GDP growth was largely based on domestic demand in the second quarter
- The output gap is positive
- The economy does not need any additional stimulus
- Rising export prices are helping profits to recover and are alleviating the imbalances that have built up
Estonian GDP was up by 5.7% over the year in the second quarter, and by 1.3% over the quarter. Faster growth in export prices has helped companies to recover the profits which have been reduced in recent years by rises in labour costs. This has helped to reduce the imbalances that had built up earlier.
Corporate surveys that describe the position in the economic cycle, including assessments of labour shortages and capacity utilisation, are above the average for the economic cycle, indicating a positive output gap. It may be too early to talk of a boom yet, but it is clear that there is no need for the government to provide any additional stimulus to the economy at the present time. As the economy is growing strongly, it would be more reasonable to build up reserves against more difficult years.
The rapid growth overshadows the unexpected weakness in the contribution of the exporting sector to growth in the economy, despite an improved external environment. Value added from manufacturing grew by only 1.4% and exports grew very slowly. It is true that different sources of data give different signals, and for example the output volume index for manufacturing was up by 8% at the same time. This suggests that it is not wise to read too much into the data for only one quarter. Manufacturing companies say that capacity utilisation was down across the board in the beginning of the third quarter, falling more in branches of manufacturing which are more susceptible to labour shortages. There are not currently sufficient data to allow it to be said that the manufacturing sector cannot use its equipment because it is not able to find sufficient workers.
Among the demand components it was investment that most boosted economic growth. This is in itself a good thing, because investment is needed to increase production capacity. The growth was mainly driven by investment in transport vehicles and in construction though, which probably does not add a great deal to growth in productivity. The volume of investment in machinery and equipment grew at the same rate as GDP.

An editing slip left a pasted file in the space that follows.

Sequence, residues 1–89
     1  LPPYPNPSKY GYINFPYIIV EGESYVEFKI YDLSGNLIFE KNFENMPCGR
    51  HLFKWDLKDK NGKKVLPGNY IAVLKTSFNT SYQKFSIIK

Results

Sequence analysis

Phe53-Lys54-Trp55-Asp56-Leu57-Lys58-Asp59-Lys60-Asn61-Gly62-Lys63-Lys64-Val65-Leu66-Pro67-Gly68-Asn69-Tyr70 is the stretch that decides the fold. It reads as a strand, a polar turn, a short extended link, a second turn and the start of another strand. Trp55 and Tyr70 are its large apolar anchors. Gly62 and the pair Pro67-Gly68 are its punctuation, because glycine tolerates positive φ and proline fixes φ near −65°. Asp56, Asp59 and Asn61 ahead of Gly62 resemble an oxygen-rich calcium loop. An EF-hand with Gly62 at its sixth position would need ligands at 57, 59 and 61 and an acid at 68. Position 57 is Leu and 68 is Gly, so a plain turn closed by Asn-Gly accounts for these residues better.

It is good to note that despite the weakness of exports and the rapid growth in investment, the contribution of net exports was close to zero. This indicates that external balance has not changed very much, and economic growth is still largely being financed by domestic sources.
A return of inflation has changed matters for businesses and is now helping them to increase their profits. Estonian companies are price takers in export markets, meaning that they generally have to accept the prices that have already been set in those markets. Low inflation has meant that it has not been possible to pass the rapid wage rises of recent years on into prices and this has eaten into profits. Export prices and the GDP deflator increased in the second quarter by 4% over a year earlier, and this helped to increase profits. The profit of the corporate sector was up by one fifth over the year, while labour costs increased at half that pace.
Increased profits will help investment to recover further in the future, and thus will also support growth in potential output. Growth in the economy may be restrained in the quarters ahead by the oil shale sector. This is because the energy and oil shale sectors have played an important role in the growth in the economy in recent quarters, but this contribution should be reduced in the third quarter. Assessments of manufacturing companies for output in the months ahead were similar in July to what they were in the second quarter, and they do not foresee that growth in output will slow markedly in the coming months.
The economy grew markedly faster in the second quarter than was predicted by the most recent Eesti Pank forecast. When it released the data for the second quarter, Statistics Estonia also revised the GDP figures for earlier periods, meaning that earlier forecasts cannot be compared with the new data. Nominal GDP in the first quarter of this year was 1.3% higher with the new data.
Eesti Pank will publish a new forecast on 19 December 2017.